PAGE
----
–          Eat more fruits and vegetables. Their high water content will add to your hydration.

–          Keep a bottle of water with you in your car, at your desk, or in your bag.

3. Focus on fiber fiber

Fiber provides many health benefits. Dietary fiber includes all parts of plant foods that your body does not digest or absorb. You may see it listed on a food label as soluble fiber or insoluble fiber, but both types have important health benefits such as lowering blood cholesterol and glucose levels and preventing constipation or irregular bowel movements.

Eat a wide variety of high fiber foods such as whole grains, nuts and seeds, and fruits and vegetables to maximize the health benefits. Not only does a high fiber diet help to normalize bowel movements and maintain bowel health, it also aids in achieving healthy weight. Dietary fiber adds bulk to your diet and makes you feel full faster and helps to control your weight. The Institute of Medicine recommends 38 grams of daily fiber for men and 25 grams of daily fiber for women, age 50 or younger, and 30 grams of daily fiber for men and 21 grams of daily fiber for women, age 51 and older.

4. Work on staying mentally fit

best time to relaxMaintaining a healthy mind is just as important as staying physically fit. Staying mentally and physically fit requires work and an investment of time. Set goals for yourself to help you maintain a balance between your emotional and physical wellness. Here are some mental wellness tips to help manage and reduce stress:

–          Get plenty of sleep (preferably eight hours of uninterrupted sleep), which is essential to health and happiness.

–          Learn to relax. Remind yourself to take a break. Incorporate yoga, meditations or other forms of relaxation into your day.

–          Laugh. It truly is the best medicine and can be very therapeutic. Incorporate laughter into your day to make you feel better about yourself and the world around you.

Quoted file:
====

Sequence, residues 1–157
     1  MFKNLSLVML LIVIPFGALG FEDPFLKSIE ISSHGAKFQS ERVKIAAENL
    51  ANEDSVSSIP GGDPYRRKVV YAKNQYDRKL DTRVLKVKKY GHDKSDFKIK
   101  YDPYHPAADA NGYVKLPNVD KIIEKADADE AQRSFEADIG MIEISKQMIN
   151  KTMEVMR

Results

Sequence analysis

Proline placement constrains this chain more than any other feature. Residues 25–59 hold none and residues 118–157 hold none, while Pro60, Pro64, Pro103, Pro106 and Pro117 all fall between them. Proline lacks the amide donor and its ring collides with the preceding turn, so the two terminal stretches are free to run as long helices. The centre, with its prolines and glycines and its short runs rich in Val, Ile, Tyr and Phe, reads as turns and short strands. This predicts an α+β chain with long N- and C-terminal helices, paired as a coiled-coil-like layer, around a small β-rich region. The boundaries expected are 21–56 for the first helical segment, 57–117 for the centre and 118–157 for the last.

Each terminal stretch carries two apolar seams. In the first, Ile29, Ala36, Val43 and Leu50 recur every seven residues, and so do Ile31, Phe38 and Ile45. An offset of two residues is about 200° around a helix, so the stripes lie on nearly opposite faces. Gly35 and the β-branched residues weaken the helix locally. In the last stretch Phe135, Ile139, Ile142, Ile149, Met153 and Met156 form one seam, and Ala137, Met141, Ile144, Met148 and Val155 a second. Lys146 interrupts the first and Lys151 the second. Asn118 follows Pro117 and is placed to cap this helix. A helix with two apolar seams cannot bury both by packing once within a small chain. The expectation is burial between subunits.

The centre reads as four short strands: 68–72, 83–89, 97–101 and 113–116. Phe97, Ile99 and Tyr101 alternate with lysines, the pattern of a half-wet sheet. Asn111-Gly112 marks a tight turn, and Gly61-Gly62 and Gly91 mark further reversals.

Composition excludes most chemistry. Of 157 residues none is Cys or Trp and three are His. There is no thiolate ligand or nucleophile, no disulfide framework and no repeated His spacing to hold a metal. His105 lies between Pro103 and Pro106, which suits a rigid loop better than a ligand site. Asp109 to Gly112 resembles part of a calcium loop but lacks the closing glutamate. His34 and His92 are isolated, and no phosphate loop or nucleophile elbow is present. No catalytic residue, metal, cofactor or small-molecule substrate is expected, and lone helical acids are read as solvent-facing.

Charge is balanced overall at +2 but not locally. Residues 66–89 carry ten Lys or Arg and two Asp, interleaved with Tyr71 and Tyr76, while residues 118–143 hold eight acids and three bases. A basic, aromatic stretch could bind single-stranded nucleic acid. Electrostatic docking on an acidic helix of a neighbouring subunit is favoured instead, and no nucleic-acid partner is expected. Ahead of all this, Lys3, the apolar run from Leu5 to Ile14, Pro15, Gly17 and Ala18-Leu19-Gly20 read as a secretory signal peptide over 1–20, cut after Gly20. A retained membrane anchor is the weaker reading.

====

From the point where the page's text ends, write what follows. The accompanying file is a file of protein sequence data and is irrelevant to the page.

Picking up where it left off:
–          Do something for others. When you’re feeling down, helping others can make you feel included and empowered. Nothing feels better than making others happy.

–          Nurture friendships. In this world of technology, face-to-face interaction is being substituted by other avenues of communication. Email and texting is no substitute for a real live visit with a friend or family member. Stay in touch and schedule short lunch breaks, movie dates, or shopping excursions.

–          Avoid unnecessary stress. Trying to meet expectations of a household, family, friends, or employer can be overwhelming at times. Make a realistic to-do list each week. Tackling those priorities and crossing them off as you go will give you a gratifying feeling of accomplishment and serve as encouragement to carry you through your next list. Realize your limits and learn how to say no. Above all, keep a positive attitude that will help you make the appropriate changes to your lifestyle and time.

–          Make time for fun. Your body needs time to take a break from your responsibilities and recharge. Make time for leisure activities that bring you joy and contentment, such as reading a book, watching a movie, spending time with loved ones, or taking a relaxing bath.

–          Incorporate physical activity. Focusing on being physically fit also provides benefits for your mental well-being since it plays a role in reducing and preventing stress. Incorporate daily physical activity such as walking, riding a bike, working in your garden, dancing, or playing sports with friends and family.

–          Eat healthy. Start each day with a healthy breakfast and maintain balanced, nutritious meals throughout the day. Try to limit excessive caffeine and sugars in your diet. Well-nourished bodies are better prepared to cope with stress and are kept mentally sharp.

This year, try committing to a realistic, healthy New Year’s resolution that you can carry on to the next year. Just small changes can lead to life-long healthy habits. Set goals for yourself and take small steps toward achieving them, whether it be replacing one soda a day with water, increasing physical activity to 30 minutes a day, or eating more fiber. Don’t stop at just one! With a new attitude and determination for good health, include more healthy resolutions as the year progresses and have your friends and family join in on the fun!